Gregory, Bishop of Nyssa, 394
Gregory was born around 334. He was the younger brother of Basil the Great. After the deaths of Basil and his sister, Macrina, he devoted himself to more strenuous service and study. His most famous works include, On the Making of Man, Life of Moses, Commentary on the Song of Songs, and his Great Catechism. In 381, at the Council of Constantinople, he was honored as “the pillar of the Church.”
He fought valiantly for the Nicene faith. He, Basil the Great, and Gregory of Nazianzus are known as the Cappdocian Fathers;
Scripture Reading: John 14:23-26;
Collect—Almighty God, who hast revealed to thy Church thine eternal Being of glorious majesty and perfect love as one God in Trinity of Persons: Give us grace that, like thy bishop Gregory of Nyssa, we may continue steadfast in the confession of this faith, and constant in our worship of thee, Father, Son, and Holy Spirit; who livest and reignest now and for ever. Amen.
Patrick, Bishop & Missionary of Ireland, 461
Patrick was born in 390 on the northwest coast of Britain. His grandfather had been a priest and his father a deacon. When Patrick was 16, he was captured by slave-traders. He was carried to Ireland and forced to work as a shepherd. When he was 21, he escaped and returned to Britain. He returned to Ireland in 431. Patrick spent the rest of his life converting the people of Ireland from pagan religions such as Druidism. Men, get ready for our St. Patrick’s day celebration at our home where we will have some good Irish fellowship and a study of the life of Patrick;
Scripture Reading: Matthew 28:16-20;
Collect—Almighty God, who in thy providence didst choose thy servant Patrick to be the apostle of the Irish people, to bring those who were wandering in darkness and error to the true light and knowledge of thee: Grant us so to walk in that light that we may come at last to the light of everlasting life; through Jesus Christ our Lord, who liveth and reigneth with thee and the Holy Spirit, one God, for ever and ever. Amen
Cyril, Bishop of Jerusalem, 386
Cyril was born around 315 and became bishop of Jerusalem in 349. He is famous for his catechisms that he prepared for those who were awaiting baptism. His five Mystagogical Catecheses on the Sacraments were composed for the newly baptized. Cyril instituted the observance of Palm Sunday and Holy Week;
Scripture Reading: Luke 24:44-48;
Collect—Strengthen, O Lord, we beseech thee, the bishops of thy Church in the special calling to be teachers and ministers of the Sacraments, that they, like thy servant Cyril of Jerusalem, may effectively instruct thy people in Christian faith and practice; and that we, taught by them, may enter more fully into the celebration of the Paschal mystery; through Jesus Christ our Lord, who liveth and reigneth with thee and the Holy Spirit, one God, now and for ever. Amen.
It is often very easy for us to forget Joseph, but we see in the gospels what a loving husband he was to Mary, and no doubt, with what care he brought up Jesus in his household. God communicated with Joseph in dreams and visions to protect the infant Jesus. He was a descendant of David and worked diligently as a carpenter. Although we know very little of him, we see in him the kind of quiet devotion which glorifies God;
Scripture Reading: Luke 2:41-52;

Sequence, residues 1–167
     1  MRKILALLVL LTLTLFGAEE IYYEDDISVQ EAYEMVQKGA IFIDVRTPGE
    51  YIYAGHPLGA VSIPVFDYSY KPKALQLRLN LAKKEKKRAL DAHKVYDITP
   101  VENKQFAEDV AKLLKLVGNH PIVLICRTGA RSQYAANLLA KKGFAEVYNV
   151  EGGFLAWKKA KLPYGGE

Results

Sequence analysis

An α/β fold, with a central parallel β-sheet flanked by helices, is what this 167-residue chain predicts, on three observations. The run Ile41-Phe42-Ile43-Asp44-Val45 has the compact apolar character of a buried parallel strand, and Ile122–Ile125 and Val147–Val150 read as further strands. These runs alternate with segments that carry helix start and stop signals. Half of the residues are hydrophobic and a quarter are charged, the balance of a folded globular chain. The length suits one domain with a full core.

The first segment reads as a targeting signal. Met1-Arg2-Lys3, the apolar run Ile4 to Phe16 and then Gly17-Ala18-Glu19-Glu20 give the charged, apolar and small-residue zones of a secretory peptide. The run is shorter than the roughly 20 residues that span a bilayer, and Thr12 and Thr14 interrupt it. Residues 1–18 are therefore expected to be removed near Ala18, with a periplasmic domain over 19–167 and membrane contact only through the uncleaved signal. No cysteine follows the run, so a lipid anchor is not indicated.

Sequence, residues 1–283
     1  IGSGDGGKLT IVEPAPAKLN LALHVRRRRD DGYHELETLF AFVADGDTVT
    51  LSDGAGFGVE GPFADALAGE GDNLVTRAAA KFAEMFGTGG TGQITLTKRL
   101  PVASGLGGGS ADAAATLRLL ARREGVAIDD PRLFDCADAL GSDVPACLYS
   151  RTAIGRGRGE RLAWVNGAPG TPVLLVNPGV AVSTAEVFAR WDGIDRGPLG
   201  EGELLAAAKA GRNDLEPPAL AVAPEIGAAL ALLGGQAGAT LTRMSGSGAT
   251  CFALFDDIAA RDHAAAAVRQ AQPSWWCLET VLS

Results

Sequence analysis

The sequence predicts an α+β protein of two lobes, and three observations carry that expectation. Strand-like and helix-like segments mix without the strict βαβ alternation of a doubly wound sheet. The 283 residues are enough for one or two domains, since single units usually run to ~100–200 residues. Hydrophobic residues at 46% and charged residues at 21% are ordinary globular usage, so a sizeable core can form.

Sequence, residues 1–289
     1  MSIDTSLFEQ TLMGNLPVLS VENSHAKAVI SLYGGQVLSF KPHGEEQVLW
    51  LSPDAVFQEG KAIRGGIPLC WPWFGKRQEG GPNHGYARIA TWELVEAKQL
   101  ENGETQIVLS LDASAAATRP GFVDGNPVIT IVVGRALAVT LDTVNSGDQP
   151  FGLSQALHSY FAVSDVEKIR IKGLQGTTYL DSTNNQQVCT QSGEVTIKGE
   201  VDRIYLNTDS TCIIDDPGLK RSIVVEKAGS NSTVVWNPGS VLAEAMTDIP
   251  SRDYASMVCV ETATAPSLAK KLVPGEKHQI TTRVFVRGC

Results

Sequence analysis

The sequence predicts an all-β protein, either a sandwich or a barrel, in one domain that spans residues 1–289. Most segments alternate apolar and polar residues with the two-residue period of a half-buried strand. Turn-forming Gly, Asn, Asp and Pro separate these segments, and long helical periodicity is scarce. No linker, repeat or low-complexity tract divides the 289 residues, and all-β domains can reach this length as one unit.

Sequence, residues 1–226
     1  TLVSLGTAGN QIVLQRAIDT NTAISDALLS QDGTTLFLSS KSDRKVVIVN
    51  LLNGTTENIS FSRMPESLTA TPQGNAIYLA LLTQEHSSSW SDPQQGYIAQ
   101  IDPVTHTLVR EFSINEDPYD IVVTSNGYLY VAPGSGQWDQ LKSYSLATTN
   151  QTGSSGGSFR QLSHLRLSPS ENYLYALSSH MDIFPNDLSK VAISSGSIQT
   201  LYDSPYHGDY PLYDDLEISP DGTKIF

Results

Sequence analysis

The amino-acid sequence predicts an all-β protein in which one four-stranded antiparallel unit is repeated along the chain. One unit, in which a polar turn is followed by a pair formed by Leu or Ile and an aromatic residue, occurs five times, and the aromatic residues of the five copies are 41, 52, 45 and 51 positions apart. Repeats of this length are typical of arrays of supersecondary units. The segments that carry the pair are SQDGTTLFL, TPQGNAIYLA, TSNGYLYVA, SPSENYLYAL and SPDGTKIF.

Collect—O God, who from the family of thy servant David didst raise up Joseph to be the guardian of thy incarnate Son and the spouse of his virgin mother: Give us grace to imitate his uprightness of life and his obedience to thy commands; through the same thy Son Jesus Christ our Lord, who liveth and reigneth with thee and the Holy Spirit, one God, for ever and ever. Amen.
The Annunciation of Our Lord
This is the day we celebrate the coming of the archangel Gabriel to Mary, to announce that she would be the mother of the Lord Jesus Christ. So many paintings, songs, and poems have been devoted to the Annunciation. You will notice that March 25 is nine months from December 25. Today we marvel at Mary’s words, “Let it be to me according to thy word,” as she accepted both the shame and the blessedness that would come to her as a result of her obedience to God. We also marvel once again at the mystery of the Incarnation, as the blessed God becomes incarnate in the child whom Mary conceives in her womb;
Scripture Reading: Luke 1:26-38;
Collect—We beseech thee, O Lord, pour thy grace into our hearts, that we who have known the incarnation of thy Son Jesus Christ, announced by an angel to the Virgin Mary, may by his cross and passion be brought unto the glory of his resurrection; who liveth and reigneth with thee, in the unity of the Holy Spirit, one God, now and for ever.
John Donne, 1631
John Donne is remembered primarily as a poet, but we often forget that he was an Anglican priest. At some point in our education, we have probably read his poem, “Death, Be Not Proud,” or “Meditation 17,” with its immortal words, “Any man’s death diminishes me, because I am involved in mankind. And therefore never send to know for whom the bell tolls: It tolls for thee.” John Donne was born a Roman Catholic and was educated at Oxford and Cambridge. King James I persuaded Donne to be ordained a priest in the Church of England. He became the most popular preacher in England. His sermons reveal that he was both a scholar and poet. He was Dean of St. Paul’s Cathedral, London from 1622 until his death;
Scripture Reading: Ps. 16:5-11;
Collect—Almighty God, the root and fountain of all being: Open our eyes to see, with thy servant John Donne, that whatsoever hath any being is a mirror in which we may behold thee; through Jesus Christ our Lord, who liverth and reigneth with thee and the Holy Spirit, one God, for ever and ever. Amen.